Tour of Moon promoter waits for approval from monument
National Park Service officials will evaluate a proposed 2013 IconLasik Tour of the Moon bicycle tour of Colorado National Monument as they put together plans to involve the community in such events.
That could mean there won’t be a “quick turnaround” in the Tour of the Moon application, monument Superintendent Lisa Eckert said, adding that she will “be mindful” of applicants’ schedules.
The Tour of the Moon can accommodate some delay for the event that drew nearly 2,000 cyclists and $500,000 in an economic jolt to the Grand Valley for the first weekend in October 2012, promoters said.
Still, they hope to open registration for the 2013 version of the event in February.
“We need to know by the first of March” at the latest whether the 2013 version of the event has been approved, said Mike Heaston of Event Marketing Group LLC, one of the two main promoters of the event.
The National Park Service is seeking a third-party facilitator to work with staff at Colorado National Monument and the public to draft a visitor-activity and commercial-services plan, which Eckert proposed in the wake of rejections of competitive bicycle races on running the length of 23-mile Rim Rock Drive on the monument.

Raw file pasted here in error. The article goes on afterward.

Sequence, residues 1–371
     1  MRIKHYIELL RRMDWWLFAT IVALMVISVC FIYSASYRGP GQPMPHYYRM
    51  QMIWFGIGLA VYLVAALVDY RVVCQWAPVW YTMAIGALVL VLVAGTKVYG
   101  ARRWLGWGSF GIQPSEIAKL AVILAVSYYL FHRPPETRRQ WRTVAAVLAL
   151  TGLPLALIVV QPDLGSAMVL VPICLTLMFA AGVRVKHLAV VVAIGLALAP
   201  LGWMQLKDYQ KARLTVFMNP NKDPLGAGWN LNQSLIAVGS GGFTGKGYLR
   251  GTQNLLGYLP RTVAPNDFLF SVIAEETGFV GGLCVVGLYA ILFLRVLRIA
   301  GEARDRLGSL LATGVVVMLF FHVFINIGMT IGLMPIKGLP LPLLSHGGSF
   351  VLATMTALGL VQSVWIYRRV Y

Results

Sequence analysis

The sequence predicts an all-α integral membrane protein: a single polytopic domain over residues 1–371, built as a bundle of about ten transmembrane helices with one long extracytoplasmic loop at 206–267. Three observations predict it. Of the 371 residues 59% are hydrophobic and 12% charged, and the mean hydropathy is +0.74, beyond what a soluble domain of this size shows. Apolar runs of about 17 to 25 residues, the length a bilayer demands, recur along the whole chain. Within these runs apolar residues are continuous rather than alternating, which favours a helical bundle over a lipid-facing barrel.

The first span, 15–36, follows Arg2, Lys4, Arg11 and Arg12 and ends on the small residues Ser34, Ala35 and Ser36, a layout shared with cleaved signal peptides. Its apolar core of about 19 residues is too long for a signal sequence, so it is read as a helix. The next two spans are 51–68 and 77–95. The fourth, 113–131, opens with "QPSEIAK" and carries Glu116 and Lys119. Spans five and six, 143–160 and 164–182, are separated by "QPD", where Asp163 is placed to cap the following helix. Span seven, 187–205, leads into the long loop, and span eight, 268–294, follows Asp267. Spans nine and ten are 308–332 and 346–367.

One purpose of involving the community in the plan is “to educate the public on what national park units are for,” Eckert said. In the process of drafting the plan, there will be “opportunities to hear both sides and learn about the mission of the national park system.”
Involving the Grand Valley community is fine, Heaston said.
“What I don’t want to see happen is recreating the wheel,” he said, stressing that he has no adversarial relationship with the park service.
Colorado National Monument was a star attraction for the 2012 inaugural Tour of the Moon event, Heaston said.
“I was kind of blown away” by the reaction to the 2012 tour, he said. “This was our most satisfying first-time event. The participants were pleased, the staff and volunteers were pleased, the jurisdiction was pleased — everyone was just glowing.”
Nearly all, 97 percent of the participants, were from outside the Grand Valley and came from 36 states, Heaston said, noting that the event gives Grand Junction recognition as a road-cyling attraction as well as a mountain-biking one.
Tour of the Moon participants who responded to a survey dished out superlatives about the event and the backdrop.
“Superior road surface. Lots of friendly rangers. Great vistas. Neat rock formations,” one wrote.
“Colorado National Monument is beautiful,” wrote another, “glad you organized the ride so I had the chance to see it!”
Monument officials are taking applications for special events, which include sporting events, weddings, memorial services, pageants, spectator attractions, entertainment, ceremonies, automobile or motorcycle club rallies, cycling organized tours or rides, large group camps or rendezvous.
More simple ones can be processed easily, Eckert said, but more complex ones will require greater study.
Park Service officials expect to hire the third-party facilitator in January.